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J Occup Environ Med. 2014 May;56(5):554-60. doi: 10.1097/JOM.0000000000000152.

Estimating the return on investment from a health risk management program offered to small Colorado-based employers.

Author information

1
From the Institute for Health and Productivity Studies (Dr Goetzel), Rollins School of Public Health, Emory University, Washington, DC; Truven Health Analytics (Drs Goetzel and Tabrizi), Bethesda, Md; Truven Health Analytics (Dr Henke), Cambridge, Mass; Truven Health Analytics (Ms Benevent), Santa Barbara, Calif; Segue Consulting (Ms Brockbank), Denver, Colo; Colorado School of Public Health (Ms Stinson and Dr Newman), Center for Worker Health and Environment, and Colorado School of Medicine (Dr Newman), University of Colorado, Aurora; and Trotter Wellness Ltd (Ms Trotter), Sheboygan, Wis.

Abstract

OBJECTIVE:

To determine whether changes in health risks for workers in small businesses can produce medical and productivity cost savings.

METHODS:

A 1-year pre- and posttest study tracked changes in 10 modifiable health risks for 2458 workers at 121 Colorado businesses that participated in a comprehensive worksite health promotion program. Risk reductions were entered into a return-on-investment (ROI) simulation model.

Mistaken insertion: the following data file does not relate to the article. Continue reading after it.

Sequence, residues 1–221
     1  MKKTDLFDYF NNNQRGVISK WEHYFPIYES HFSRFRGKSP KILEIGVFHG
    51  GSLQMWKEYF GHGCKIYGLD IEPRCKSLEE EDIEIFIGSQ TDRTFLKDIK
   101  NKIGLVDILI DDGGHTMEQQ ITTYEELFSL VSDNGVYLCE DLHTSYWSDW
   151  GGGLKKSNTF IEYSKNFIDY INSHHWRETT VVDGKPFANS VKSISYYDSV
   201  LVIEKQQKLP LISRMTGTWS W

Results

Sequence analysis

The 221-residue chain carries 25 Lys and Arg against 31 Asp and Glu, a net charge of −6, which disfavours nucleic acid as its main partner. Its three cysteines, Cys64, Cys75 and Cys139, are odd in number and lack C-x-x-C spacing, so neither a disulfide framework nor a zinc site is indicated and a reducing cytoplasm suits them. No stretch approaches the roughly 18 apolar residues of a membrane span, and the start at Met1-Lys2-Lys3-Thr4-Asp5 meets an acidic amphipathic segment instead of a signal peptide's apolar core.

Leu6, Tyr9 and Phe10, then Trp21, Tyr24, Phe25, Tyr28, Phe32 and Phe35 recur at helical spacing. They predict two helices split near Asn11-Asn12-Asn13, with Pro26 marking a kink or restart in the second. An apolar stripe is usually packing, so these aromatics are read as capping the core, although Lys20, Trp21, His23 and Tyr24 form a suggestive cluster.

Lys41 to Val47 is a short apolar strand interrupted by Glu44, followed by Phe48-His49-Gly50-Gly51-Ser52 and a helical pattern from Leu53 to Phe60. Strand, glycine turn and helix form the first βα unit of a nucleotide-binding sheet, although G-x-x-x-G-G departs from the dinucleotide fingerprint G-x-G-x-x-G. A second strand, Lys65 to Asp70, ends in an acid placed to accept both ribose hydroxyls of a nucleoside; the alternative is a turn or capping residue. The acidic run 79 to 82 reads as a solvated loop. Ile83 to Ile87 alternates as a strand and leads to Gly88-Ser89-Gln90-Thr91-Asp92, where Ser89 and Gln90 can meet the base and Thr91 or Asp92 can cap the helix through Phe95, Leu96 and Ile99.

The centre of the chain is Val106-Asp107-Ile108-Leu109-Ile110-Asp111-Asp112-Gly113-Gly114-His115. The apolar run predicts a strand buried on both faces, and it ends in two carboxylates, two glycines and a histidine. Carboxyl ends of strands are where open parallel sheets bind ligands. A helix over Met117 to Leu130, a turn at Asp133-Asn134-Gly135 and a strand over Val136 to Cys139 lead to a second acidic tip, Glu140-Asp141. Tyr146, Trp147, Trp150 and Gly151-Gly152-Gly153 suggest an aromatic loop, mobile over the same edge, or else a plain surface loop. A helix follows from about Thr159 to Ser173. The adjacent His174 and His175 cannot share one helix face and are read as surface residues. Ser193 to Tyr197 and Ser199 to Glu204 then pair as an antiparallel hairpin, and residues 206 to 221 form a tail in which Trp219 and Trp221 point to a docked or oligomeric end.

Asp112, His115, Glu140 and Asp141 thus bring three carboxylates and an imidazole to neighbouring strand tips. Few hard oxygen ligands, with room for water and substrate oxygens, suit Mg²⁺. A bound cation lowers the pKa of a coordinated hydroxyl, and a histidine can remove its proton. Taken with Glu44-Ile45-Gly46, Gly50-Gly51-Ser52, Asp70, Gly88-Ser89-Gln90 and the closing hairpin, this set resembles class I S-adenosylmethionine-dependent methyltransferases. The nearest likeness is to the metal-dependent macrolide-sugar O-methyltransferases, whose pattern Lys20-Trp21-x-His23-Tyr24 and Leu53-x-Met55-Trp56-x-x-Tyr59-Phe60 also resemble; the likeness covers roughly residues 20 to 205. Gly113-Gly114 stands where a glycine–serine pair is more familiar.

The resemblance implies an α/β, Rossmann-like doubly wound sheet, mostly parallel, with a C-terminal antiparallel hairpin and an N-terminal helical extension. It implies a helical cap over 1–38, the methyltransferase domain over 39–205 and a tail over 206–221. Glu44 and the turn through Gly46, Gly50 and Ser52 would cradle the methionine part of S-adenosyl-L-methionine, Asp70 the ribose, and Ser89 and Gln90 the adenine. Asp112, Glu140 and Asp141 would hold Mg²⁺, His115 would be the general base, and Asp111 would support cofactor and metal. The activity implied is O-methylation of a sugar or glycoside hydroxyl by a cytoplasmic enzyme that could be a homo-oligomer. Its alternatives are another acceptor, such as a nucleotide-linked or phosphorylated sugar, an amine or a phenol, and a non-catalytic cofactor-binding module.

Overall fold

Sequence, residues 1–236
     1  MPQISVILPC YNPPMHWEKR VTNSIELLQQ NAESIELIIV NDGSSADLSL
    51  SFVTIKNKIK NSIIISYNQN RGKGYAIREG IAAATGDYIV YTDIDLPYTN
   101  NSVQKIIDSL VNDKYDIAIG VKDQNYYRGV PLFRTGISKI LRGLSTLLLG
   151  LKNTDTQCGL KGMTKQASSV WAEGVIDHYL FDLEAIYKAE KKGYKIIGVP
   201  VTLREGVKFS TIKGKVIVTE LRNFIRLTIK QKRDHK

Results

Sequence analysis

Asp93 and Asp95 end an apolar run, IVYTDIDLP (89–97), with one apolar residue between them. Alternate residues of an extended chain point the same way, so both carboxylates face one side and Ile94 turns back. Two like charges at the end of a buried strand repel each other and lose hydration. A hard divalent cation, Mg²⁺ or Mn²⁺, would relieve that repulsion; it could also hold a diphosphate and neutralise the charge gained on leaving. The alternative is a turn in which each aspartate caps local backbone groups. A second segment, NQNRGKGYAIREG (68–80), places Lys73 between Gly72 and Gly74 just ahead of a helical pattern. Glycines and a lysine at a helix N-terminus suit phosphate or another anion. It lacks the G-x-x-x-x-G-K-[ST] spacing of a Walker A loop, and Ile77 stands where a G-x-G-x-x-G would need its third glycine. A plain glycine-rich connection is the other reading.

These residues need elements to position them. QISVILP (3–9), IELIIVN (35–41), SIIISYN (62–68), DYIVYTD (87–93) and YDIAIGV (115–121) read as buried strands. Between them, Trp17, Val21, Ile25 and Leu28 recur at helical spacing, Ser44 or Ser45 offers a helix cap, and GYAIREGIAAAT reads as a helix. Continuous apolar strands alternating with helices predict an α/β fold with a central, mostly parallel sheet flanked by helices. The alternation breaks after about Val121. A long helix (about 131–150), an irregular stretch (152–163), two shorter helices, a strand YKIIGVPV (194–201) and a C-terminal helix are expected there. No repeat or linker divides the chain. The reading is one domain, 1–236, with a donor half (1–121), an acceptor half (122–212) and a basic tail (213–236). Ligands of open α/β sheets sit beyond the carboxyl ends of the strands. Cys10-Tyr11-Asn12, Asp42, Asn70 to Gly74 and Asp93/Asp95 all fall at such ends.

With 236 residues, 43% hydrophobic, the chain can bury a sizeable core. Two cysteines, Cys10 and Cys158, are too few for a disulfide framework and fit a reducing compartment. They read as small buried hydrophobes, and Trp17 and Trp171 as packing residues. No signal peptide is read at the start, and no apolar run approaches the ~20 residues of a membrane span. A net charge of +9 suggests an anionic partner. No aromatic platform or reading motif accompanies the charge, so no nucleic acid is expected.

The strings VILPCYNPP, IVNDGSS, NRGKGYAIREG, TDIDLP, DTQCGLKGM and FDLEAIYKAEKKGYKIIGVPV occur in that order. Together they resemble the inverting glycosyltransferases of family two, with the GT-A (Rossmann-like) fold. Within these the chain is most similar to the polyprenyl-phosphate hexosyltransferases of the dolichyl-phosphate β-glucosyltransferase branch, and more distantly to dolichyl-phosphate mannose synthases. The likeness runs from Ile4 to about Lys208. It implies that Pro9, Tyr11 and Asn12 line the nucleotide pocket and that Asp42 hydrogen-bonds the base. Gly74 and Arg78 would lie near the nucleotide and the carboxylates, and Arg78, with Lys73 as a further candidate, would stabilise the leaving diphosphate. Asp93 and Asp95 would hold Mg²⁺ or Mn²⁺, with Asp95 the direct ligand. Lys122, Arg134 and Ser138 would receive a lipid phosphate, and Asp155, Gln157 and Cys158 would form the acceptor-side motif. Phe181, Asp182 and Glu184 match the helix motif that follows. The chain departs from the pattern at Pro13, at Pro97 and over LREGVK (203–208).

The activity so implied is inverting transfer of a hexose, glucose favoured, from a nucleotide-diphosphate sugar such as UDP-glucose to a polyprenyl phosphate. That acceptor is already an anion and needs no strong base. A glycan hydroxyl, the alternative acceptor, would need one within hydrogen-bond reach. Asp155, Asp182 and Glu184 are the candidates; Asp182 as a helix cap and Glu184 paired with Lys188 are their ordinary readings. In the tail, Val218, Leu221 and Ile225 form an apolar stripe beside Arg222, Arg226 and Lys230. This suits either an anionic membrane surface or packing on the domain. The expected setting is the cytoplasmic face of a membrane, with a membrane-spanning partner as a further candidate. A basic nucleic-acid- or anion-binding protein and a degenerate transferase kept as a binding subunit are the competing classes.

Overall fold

RESULTS:

Reductions were recorded in 10 risk factors examined, including obesity (-2.0%), poor eating habits (-5.8%), poor physical activity (-6.5%), tobacco use (-1.3%), high alcohol consumption (-1.7%), high stress (-3.5%), depression (-2.3%), high blood pressure (-0.3%), high total cholesterol (-0.9%), and high blood glucose (-0.2%). The ROI model estimated medical and productivity savings of $2.03 for every $1.00 invested.

CONCLUSIONS:

Pooled data suggest that small businesses can realize a positive ROI from effective risk reduction programs.

PMID:
24806569
PMCID:
PMC4469337
DOI:
10.1097/JOM.0000000000000152
[Indexed for MEDLINE]
Free PMC Article
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